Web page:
DIY Wills and Will Kits
Do It Yourself Wills and Will kits are a tempting option for those on a budget because they offer a cheap solution to having a will drafted by your solicitor.
Wills drafted by suitably experienced estate planners are no longer cheap however it is important to understand that an estate planning solicitor does a lot more behind the scenes with regard to reviewing your situation. Without legal training you often unaware of the implications your personal and financial situation could have.
But my affairs are simple?
Many people think their affairs are simple and a will kit would be suitable. However quite often it is found that people do not have the simple affairs they initially thought. The law covering estates is complex. An understanding of the multiple pieces of legislation surrounding estate planning as well as a sound understanding of how the courts interpret the common law is important to make sure your wishes are fully put in place.
The following common situations are rarely appropriately covered by a will kit:
- Blended families and children from multiple relationships;
- Children and/or grandchildren under 18 years of age;
- Other parties financially dependent upon you;
- Family members with a disability;
- Family members facing insolvency;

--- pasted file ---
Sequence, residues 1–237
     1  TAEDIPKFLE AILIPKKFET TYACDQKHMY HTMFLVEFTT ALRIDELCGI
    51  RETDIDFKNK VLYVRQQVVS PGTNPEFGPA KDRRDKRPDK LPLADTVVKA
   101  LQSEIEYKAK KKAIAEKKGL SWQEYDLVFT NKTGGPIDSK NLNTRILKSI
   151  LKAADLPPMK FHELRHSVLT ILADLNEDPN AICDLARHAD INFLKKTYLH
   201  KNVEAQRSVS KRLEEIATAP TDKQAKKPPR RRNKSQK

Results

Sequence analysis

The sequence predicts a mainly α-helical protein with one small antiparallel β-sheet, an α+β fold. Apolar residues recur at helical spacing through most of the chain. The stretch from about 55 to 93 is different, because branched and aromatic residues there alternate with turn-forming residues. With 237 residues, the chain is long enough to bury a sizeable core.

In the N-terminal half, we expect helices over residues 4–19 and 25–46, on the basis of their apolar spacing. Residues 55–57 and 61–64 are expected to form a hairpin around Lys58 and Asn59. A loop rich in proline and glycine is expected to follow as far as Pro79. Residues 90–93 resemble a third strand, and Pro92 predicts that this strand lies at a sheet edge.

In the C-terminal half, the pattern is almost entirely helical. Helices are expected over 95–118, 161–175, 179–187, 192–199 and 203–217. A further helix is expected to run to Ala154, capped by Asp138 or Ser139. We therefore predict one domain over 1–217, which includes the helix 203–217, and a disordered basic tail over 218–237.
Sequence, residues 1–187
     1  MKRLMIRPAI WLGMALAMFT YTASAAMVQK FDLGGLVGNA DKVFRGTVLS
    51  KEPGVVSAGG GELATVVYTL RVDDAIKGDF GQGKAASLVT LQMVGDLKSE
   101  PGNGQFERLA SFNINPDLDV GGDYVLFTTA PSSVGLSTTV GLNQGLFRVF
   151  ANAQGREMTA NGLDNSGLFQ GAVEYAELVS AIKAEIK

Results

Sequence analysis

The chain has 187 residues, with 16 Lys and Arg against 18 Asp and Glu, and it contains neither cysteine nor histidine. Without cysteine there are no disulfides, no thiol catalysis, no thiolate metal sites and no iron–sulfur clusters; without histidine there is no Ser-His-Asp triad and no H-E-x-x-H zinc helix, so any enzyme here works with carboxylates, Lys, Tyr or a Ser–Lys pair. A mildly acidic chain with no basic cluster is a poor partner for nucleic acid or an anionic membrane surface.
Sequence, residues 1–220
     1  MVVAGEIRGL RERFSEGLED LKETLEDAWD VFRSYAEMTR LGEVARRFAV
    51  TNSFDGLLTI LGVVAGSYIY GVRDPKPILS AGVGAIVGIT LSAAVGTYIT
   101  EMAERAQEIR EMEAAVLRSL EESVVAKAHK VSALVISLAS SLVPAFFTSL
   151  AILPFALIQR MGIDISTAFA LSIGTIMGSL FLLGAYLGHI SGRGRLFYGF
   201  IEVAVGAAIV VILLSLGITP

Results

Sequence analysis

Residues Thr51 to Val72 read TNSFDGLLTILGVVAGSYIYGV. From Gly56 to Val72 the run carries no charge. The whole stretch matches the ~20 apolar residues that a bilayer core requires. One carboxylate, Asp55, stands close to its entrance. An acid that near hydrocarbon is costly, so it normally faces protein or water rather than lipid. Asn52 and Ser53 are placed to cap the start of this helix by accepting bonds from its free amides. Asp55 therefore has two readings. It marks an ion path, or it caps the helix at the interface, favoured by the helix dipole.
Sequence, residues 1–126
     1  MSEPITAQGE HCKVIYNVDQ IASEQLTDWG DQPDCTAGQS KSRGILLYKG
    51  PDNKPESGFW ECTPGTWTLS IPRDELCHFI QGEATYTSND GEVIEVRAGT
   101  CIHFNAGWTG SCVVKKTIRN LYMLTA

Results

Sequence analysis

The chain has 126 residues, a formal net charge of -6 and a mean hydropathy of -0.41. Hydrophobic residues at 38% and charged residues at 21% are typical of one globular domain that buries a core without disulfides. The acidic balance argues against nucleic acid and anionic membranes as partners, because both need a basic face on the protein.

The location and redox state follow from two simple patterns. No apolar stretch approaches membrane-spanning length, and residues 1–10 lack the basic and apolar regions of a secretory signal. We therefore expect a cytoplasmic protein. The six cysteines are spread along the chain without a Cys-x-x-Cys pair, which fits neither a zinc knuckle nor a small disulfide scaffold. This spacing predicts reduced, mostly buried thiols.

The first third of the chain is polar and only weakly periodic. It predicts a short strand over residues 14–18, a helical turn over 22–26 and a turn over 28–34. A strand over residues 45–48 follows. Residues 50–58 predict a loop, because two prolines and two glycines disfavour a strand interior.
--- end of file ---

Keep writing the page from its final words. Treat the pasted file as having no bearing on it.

- Family law matters;
- Consideration of taxation issues;
- Assets held by other entities such as companies;
- Family trusts; and
- Dealing with superannuation and life insurances.
In fact, most of the professional fees that you pay are not for the piece of paper that is your will, but for the review of your situation and the advice given to you situations such as jointly owned assets, assets held by other entities, practical considerations and knowing the risks that your estate is exposed to from members of your family contesting your will.
The following is a summary of the most common mistakes with will kits that we have seen over the years that have resulted in many thousands of dollars being expended by the estate in rectifying the omissions:
1. Failing to appropriately identify parties in your will
This can be incorrect spelling, failing to think ahead (i.e. at the time you did the will you had two children and down the track you had more), failing to appropriately describe people so that they can be identified. This then requires an application to the court and evidence given identifying the person you intended to name in your will.
2. Failing to properly execute your will
The use of white out, not signing every page, not having two adult witnesses witnessing the will, having the wrong clause stating how the will was reviewed by the willmaker for instance where the willmaker cannot read, is sight impaired or cannot sign, can all render a will invalid. Failing to properly date it can also leave wills susceptible to a challenge that it was made before what was in fact a previous will.
3. Not appointing appropriate executors and trustees
Many times people appoint their family members without giving consideration to whether they can appropriately manage the responsibility. Sometimes the role of an executor or trustee can last for many years, such as where there are minor beneficiaries to be cared for or a life interest over property. It is very important to ensure that the people appointed can manage any of these issues and can work together efficiently.